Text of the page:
87 years after the Declaration of Independence, Abraham Lincoln began what is widely marked as one of the most eloquent examples of oration in the English Language as he added his remarks to the dedication of the National Cemetery at Gettysburg.  It was written and re-written several times.  President Lincoln was, ironically, not even the featured speaker at the dedication.  Recorded as having a high, nasal voice, and without the benefit of modern loudspeakers or broadcast equipment, not many present could well hear him at all.  However, the short, clear remarks he presented are now etched in history.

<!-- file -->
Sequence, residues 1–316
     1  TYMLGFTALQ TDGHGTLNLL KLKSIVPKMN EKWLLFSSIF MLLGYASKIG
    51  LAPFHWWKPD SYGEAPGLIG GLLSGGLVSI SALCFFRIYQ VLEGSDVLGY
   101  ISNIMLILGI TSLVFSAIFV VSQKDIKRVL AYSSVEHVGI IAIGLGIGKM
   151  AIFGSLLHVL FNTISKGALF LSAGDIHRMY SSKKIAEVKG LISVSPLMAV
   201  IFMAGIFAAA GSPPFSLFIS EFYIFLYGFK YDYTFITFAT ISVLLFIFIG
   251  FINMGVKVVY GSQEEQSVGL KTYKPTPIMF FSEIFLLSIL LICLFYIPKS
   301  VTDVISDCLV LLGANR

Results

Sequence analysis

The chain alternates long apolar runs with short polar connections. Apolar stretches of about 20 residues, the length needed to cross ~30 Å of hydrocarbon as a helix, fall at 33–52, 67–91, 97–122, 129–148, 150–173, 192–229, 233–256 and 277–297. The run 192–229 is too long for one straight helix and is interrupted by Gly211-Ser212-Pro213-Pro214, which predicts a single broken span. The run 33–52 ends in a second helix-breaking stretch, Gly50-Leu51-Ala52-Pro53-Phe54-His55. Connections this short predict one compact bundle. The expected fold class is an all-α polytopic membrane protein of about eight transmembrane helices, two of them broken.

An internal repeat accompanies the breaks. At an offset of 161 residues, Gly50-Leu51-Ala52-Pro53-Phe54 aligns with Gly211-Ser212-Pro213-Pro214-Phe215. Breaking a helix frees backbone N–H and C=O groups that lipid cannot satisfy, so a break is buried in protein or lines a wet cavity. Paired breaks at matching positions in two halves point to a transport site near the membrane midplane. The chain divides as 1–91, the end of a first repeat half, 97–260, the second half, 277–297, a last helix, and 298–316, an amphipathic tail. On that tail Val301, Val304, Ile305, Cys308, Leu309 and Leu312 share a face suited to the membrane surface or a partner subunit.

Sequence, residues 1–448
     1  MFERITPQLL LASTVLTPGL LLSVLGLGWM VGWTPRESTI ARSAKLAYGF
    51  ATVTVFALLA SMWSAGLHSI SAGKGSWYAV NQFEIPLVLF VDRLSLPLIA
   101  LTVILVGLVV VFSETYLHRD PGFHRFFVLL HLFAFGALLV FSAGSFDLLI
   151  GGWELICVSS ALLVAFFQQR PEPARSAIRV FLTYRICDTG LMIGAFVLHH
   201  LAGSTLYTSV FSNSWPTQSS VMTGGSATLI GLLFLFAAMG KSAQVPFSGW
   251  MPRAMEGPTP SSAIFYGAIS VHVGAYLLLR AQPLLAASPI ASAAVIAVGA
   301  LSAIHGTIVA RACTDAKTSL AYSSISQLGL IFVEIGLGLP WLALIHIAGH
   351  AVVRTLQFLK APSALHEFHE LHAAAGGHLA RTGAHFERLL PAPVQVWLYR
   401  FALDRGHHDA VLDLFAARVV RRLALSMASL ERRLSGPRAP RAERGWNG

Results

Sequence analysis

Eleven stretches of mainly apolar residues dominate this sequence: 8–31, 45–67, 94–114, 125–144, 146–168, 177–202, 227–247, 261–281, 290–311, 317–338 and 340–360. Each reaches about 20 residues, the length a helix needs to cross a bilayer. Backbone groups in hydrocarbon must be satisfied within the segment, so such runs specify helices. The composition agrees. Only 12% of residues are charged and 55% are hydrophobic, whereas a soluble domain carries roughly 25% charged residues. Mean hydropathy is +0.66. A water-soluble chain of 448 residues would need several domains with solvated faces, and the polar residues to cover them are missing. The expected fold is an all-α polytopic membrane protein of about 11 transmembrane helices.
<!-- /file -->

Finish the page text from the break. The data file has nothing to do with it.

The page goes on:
148 years after Gettysburg we are preparing to celebrate our 235th anneversary this Fourth of July.  Without that key fight, we might not mark the day in quite the same way.  Historians generally concur that the three days of July 1st through the 3rd in 1863 marked the turn of the tide in our Civil War, ultimately preserving our Union.  Interestingly, on the 4th of July that same year, the day after Gettysburg concluded, General Ulysses Grant siezed the Confederate strong point at Vicksburg, Mississippi, adding a nail in the coffin of the Confederacy and yielding the entire Mississippi River over to Union forces.  The four days in July of 1863 were a kind of deadly one-two punch to the South.